Art as a means of communicating with other people goes back to ancient times and beyond. The Ancient Egyptians were able to develop and master a system of language based entirely on illustration. These were hieroglyphics, among the best known aspects of a civilization that survived for over 3,000 years.
However, since the advent of the aerosol can, people with the inclination have gone back to using the surfaces of public space for visual communication. Graffiti might not always be as sophisticated as hieroglyphics, but it still has an important role to play in modern urban cultures. In big cities such as Glasgow, for example, graffiti is easy to come by.
Graffiti is often seen as being created by people of a left-leaning anti-capitalist viewpoint, the prime example being Banksy. This is certainly something which rings true in Glasgow, as this example shows. The piece is advertising a strike and protest, N30. The UK Uncut symbol has been stenciled, with the date referencing a Twitter hashtag helping people to follow the day’s events. The anti-cuts movement is not the only group to make use of this form of communication. The image below, for example, shows a more general message of solidarity with the Palestinian people.
But it is not just political campaigning that makes graffiti what it is. Up top is a piece that perhaps symbolizes the death of music, with a pirate’s cross-bone under the cassette tape. This has a particular added quality too: upon close examination, the cassette appears to have teeth, and of course the reel wheels also help to give it a face-like appearance.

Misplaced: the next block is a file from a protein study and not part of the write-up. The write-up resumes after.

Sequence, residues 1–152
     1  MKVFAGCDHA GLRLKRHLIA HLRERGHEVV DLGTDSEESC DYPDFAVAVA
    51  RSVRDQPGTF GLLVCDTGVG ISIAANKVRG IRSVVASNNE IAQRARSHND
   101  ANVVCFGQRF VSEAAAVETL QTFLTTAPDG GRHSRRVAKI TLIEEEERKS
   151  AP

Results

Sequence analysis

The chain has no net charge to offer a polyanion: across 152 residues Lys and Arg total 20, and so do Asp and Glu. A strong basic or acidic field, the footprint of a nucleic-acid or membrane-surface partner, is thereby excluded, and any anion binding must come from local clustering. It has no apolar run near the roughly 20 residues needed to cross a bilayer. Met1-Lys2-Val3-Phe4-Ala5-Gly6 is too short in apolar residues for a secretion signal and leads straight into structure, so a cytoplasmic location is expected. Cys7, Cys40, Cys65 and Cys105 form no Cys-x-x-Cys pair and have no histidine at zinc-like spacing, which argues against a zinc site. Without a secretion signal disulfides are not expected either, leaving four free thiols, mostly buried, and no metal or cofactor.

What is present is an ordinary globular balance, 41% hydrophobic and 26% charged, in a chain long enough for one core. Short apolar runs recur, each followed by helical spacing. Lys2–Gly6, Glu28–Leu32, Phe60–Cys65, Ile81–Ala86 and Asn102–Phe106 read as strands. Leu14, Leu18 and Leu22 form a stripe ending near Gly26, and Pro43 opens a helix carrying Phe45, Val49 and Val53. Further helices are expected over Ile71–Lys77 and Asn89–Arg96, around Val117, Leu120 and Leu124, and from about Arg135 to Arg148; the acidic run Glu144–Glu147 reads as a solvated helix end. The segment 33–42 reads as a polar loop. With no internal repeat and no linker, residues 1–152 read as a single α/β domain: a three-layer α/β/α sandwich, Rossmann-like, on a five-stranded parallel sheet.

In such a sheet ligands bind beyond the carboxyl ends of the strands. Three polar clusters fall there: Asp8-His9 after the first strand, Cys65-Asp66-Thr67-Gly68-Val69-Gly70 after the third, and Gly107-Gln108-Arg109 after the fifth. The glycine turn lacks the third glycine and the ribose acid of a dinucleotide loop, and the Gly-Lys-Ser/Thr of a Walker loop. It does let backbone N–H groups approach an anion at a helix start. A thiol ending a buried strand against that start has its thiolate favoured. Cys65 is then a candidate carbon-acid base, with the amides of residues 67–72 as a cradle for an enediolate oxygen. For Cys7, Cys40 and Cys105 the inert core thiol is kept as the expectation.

Business, however, has also got in on the act of using graffiti in Glasgow. The Hillhead Bookclub has used it to reach out to its retro audience with the novel form of an advertising shown above, whilst other pubs, bars, restaurants and clubs still rely on the more old-fashioned method of leafleting.
More apparent, though, are numerous examples of the more creative and abstract forms of this art. Very often street art will use vibrant colors – sometimes in the form of a full blown mural, or maybe a subtle stencil piece on some surface of the city. This latter example can be seen on a bollard, above.
Graffiti can be seen anywhere from walls to railway wagons. It is likely to continue as a form of expression and means of communicating for the foreseeable future. Anyone can create a piece, there are no rules, and the city is your gallery (although it might be wise to check local laws regarding what is allowed to be done and where before you consider doing anything like this yourself!).